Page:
Gaps in practice

January/February 2011

FocusGaps in practice

General practice

Workforce gaps now and in 2020

Volume 40, No.1, January/February 2011 Pages 12-15

Christopher Harrison

Helena Britt


The general practice workforce required for Australia in the future will depend on many factors, including geographic areas and patient utilisation of general practice services.


This article examines the current and future general practice workforce requirements by way of an analysis of geographic areas accounting for differing patient utilisation.


The results showed that, compared with major cities, inner regional areas had 24.4% higher expected patient general practice utilisation per general practitioner, outer regional 33.2%, and remote/very remote 21.4%. Balanced distribution would mean 1129 fewer GPs in major cities: 639 more in inner regional, 423 more in outer regional and 66 more in remote/very remote. With the population projected to increase 18.6–26.1% by 2020, expected general practice utilisation will increase by 27.0–33.1%. Initiatives addressing general practice workforce shortages should account for increasing general practice utilisation due to the aging population, or risk exacerbating the unequal distribution of general practice services.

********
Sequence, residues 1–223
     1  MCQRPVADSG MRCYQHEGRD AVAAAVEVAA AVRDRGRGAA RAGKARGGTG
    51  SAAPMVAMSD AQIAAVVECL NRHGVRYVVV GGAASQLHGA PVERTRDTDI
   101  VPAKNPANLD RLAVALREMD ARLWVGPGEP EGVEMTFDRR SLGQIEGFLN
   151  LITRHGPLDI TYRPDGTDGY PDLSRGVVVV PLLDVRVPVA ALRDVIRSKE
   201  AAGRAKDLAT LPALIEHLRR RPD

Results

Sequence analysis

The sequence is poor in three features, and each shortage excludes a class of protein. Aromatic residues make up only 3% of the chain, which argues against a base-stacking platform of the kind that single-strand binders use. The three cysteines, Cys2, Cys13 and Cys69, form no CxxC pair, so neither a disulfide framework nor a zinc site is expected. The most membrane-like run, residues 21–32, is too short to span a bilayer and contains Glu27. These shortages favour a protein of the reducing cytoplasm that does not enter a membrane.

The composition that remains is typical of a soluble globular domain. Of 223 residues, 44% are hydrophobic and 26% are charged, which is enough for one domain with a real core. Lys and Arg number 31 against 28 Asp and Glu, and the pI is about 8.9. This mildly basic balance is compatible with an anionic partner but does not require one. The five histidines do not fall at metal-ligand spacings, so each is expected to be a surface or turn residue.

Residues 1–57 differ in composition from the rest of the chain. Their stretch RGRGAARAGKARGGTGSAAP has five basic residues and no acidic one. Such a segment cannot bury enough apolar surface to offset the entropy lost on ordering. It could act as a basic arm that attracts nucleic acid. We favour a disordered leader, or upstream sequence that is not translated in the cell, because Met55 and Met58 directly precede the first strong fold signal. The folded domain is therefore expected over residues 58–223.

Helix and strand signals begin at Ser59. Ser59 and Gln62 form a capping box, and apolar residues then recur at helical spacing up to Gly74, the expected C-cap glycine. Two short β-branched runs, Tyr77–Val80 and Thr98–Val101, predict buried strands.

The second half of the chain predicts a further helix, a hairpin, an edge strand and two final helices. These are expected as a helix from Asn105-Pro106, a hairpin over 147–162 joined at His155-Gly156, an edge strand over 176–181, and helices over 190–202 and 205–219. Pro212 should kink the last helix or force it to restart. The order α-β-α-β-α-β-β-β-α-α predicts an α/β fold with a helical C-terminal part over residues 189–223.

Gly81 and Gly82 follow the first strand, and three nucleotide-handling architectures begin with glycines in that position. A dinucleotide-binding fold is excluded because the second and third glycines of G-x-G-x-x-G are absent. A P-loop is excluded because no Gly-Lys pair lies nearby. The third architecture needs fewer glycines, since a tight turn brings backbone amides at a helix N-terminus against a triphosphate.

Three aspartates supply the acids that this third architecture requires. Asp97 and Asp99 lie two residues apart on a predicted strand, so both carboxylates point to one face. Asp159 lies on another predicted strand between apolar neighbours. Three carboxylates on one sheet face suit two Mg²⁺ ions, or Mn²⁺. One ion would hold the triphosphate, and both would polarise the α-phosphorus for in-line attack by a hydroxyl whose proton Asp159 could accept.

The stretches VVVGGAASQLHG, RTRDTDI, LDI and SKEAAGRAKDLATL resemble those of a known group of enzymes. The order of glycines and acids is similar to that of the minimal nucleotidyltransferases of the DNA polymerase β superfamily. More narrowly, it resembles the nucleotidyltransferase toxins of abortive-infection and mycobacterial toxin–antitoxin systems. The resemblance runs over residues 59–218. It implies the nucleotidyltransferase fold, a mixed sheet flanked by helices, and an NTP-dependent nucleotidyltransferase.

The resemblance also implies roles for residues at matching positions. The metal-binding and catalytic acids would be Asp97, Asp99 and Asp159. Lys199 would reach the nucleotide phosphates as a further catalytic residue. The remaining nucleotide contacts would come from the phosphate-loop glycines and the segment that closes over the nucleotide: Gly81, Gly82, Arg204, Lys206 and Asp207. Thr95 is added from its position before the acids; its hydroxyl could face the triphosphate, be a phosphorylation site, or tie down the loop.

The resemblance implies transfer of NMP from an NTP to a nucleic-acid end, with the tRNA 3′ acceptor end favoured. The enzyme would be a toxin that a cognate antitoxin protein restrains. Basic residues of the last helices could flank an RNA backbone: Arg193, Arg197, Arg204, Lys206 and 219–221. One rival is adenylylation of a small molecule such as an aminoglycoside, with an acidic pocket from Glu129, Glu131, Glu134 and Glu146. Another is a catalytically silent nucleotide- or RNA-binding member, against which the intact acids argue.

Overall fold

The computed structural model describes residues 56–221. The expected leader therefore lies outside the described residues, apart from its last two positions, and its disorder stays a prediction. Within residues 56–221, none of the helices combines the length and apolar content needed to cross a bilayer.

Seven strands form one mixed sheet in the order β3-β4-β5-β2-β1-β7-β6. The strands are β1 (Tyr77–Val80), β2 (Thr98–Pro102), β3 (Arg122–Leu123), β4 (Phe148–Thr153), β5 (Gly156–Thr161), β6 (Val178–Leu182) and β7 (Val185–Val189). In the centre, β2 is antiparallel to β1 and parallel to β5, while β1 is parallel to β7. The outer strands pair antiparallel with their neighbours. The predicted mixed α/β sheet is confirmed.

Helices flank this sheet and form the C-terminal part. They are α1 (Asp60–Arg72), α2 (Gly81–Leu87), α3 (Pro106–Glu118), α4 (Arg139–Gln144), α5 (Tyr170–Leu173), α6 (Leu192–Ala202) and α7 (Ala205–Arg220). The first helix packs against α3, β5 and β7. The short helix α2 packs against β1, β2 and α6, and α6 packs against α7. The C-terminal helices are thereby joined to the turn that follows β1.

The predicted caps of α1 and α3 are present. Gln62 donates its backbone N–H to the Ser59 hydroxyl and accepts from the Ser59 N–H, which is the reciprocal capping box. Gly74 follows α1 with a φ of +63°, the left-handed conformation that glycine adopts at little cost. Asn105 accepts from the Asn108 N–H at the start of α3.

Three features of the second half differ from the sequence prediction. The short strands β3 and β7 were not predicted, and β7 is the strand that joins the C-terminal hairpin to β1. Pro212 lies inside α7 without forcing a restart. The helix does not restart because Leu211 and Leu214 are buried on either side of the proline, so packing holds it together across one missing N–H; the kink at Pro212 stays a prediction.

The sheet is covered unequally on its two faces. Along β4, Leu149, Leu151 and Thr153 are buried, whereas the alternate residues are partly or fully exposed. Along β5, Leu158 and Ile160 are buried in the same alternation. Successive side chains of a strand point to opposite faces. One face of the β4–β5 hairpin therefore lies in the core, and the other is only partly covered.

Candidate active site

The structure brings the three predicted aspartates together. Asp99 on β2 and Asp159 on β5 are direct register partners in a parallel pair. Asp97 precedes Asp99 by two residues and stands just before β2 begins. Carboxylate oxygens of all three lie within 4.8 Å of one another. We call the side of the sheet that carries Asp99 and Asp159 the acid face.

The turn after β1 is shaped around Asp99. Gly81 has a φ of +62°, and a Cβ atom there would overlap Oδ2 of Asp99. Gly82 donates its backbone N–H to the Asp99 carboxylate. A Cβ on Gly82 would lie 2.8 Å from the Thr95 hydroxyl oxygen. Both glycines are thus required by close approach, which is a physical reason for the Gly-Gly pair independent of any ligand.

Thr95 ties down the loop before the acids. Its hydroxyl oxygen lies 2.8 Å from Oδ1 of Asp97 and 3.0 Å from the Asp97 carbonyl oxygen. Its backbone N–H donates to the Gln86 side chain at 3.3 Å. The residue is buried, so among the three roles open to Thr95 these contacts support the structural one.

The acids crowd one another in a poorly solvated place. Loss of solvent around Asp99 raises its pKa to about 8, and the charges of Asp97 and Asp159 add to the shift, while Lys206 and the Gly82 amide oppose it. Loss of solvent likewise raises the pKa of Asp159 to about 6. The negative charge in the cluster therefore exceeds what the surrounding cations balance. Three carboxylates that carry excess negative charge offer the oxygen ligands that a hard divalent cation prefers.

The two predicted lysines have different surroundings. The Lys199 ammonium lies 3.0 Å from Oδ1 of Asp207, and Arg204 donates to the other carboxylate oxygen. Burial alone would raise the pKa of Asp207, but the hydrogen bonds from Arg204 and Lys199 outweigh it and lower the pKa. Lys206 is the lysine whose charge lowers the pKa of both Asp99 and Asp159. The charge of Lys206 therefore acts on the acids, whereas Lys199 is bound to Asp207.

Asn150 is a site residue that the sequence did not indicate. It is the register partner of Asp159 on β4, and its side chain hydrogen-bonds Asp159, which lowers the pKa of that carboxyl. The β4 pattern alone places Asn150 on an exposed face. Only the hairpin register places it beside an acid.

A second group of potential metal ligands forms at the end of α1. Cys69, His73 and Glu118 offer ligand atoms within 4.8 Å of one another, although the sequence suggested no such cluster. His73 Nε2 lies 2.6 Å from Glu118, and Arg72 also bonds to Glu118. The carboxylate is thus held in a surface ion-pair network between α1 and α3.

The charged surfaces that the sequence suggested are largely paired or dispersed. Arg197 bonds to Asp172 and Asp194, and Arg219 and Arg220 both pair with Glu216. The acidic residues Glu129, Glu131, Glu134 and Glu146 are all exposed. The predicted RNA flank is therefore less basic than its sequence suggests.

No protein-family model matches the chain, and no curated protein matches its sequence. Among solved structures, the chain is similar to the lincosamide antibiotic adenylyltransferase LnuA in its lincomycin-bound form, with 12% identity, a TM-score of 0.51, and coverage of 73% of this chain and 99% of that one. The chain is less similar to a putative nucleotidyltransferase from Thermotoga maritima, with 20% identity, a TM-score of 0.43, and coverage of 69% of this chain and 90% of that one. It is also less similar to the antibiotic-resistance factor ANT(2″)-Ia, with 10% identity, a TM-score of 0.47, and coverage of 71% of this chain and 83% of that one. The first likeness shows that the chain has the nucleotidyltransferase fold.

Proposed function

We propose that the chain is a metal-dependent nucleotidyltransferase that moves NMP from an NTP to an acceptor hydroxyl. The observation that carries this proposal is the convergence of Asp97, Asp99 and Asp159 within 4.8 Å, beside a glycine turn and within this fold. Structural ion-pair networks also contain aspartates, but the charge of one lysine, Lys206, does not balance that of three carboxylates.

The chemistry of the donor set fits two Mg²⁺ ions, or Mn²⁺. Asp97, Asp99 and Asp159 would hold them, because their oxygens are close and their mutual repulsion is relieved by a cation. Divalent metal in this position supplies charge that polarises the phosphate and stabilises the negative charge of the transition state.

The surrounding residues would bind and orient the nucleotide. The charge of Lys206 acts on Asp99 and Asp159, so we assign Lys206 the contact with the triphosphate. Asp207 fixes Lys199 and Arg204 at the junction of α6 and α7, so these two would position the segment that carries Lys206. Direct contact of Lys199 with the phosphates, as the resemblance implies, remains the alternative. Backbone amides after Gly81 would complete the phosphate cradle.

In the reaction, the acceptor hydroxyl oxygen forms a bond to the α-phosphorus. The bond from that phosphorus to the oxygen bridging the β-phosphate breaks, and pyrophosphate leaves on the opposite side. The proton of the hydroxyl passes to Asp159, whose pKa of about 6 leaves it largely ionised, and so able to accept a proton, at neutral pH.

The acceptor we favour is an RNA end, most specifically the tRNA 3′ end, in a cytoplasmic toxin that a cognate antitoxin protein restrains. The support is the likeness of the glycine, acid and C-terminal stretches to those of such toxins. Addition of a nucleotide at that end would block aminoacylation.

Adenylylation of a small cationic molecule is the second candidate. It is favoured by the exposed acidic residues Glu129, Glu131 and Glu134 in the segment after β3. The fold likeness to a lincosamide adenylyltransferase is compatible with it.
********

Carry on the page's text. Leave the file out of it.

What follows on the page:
Australia currently has a workforce shortage of general practitioners,1 particularly in rural areas.2–4 Decreasing working hours and feminisation of the workforce3,5 will exacerbate these shortages in coming years. The Australian Federal Government plans to increase general practice training places from 700 in 2010, to 1200 per year by 20146 to address this shortage.

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